As mentioned above, the carbon doped layer 20 can include a delta doping profile. Delta-doped semiconductors can be grown by suspension of the regular crystal growth and evaporation of impurities on the crystal surface. Dopants may be confined to a single atomic plane if impurity diffusion and other broadening mechanisms are negligible and if the epitaxial crystal is atomically flat (e.g., contains no steps). However, the dopants may be distributed over several atomic planes and form an interconnected network in each single plane. One such interconnected network can be a percolated carbon atomic plane. However, the interconnected network can also include small percolated domains separated from each other by gaps or atomic steps. As used herein, an interconnected network is a stochastically distributed network of carbon (e.g., graphene) dots and ribbons that can form a contiguous conducting path (e.g., if the entire network is percolated) between the boundaries of the carbon plane 16A-16H, 18A-18H (e.g., the edges of the entire surface of the barrier/quantum well). As used herein, the terms “interconnected network”, “interconnected domain”, or similar expressions describe domains including multiple smaller percolated regions, separated from each other by gaps. The percolated region size can be at least several lattice constants measured in the basal plane of the semiconductor lattice (e.g., group III nitride) and gaps can be at least two lattice constants measured in a basal plane. Alternatively, gaps can be steps between several basal planes. Furthermore, a region comprising a group of dopant atoms is percolated if, for each dopant atom within the region, there is at least one dopant atom located within a distance comparable to a lattice constant a (e.g., a distance of approximately 0.5 a to approximately 1.5 a).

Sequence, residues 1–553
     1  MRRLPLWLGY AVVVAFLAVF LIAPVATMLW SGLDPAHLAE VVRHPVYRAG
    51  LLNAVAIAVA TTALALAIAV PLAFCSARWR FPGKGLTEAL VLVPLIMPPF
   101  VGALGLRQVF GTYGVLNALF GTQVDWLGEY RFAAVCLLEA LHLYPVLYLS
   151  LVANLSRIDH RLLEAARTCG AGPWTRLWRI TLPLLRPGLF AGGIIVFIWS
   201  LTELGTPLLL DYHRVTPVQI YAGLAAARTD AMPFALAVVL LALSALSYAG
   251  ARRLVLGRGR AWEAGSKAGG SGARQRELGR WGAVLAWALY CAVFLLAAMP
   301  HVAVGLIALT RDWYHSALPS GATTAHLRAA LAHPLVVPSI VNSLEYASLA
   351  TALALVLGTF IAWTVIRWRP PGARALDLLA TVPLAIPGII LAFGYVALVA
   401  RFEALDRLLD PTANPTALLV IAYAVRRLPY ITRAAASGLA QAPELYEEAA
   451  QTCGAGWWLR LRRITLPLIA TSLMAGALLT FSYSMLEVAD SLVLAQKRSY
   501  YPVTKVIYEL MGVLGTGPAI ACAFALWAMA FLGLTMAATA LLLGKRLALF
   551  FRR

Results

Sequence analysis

Furthermore, a carbon layer 16A-16H, 18A-18H can include dopants, such as dopants 24A, 24B. The dopant can comprise any type of dopant. Illustrative dopants include magnesium (Mg), fluorine (F), gold (Au), aromatic molecules, polar molecules, and/or the like. For p-type doping, Mg can be used with or without other co-dopants. In an embodiment, a target dopant combination can be selected based on a percentage of coverage of the doped plane using any solution.

An SPSL 10A-100 described herein can be utilized to perform any function within a heterostructure and/or device. For example, an embodiment provides a light emitting structure including one or more quantum wells and/or barriers comprising a carbon layer as described herein. In a more particular embodiment, the light emitting structure is a deep ultraviolet light emitting structure. Similarly, an SPSL 10A-100 described herein can be utilized as, for example, an integral part of an ohmic and/or Schottky contact, a cladding layer, a buffer layer, a barrier layer, and/or the like, for a corresponding device. In an embodiment, an SPSL 10A-10C described herein provides p-type conduction during normal operation of a corresponding device as part of a circuit.

Furthermore, it is understood that an SPSL 10A-100 described herein can be utilized in various types of devices, such as a light emitting diode (LED), a superluminescent diode, a laser, and/or the like. In an embodiment, the device is configured to emit ultraviolet radiation during operation (e.g., an ultraviolet LED, an ultraviolet superluminescent LED, and/or the like). In a more particular embodiment, the ultraviolet radiation comprises deep ultraviolet radiation, e.g., 210 nm to 365 nm.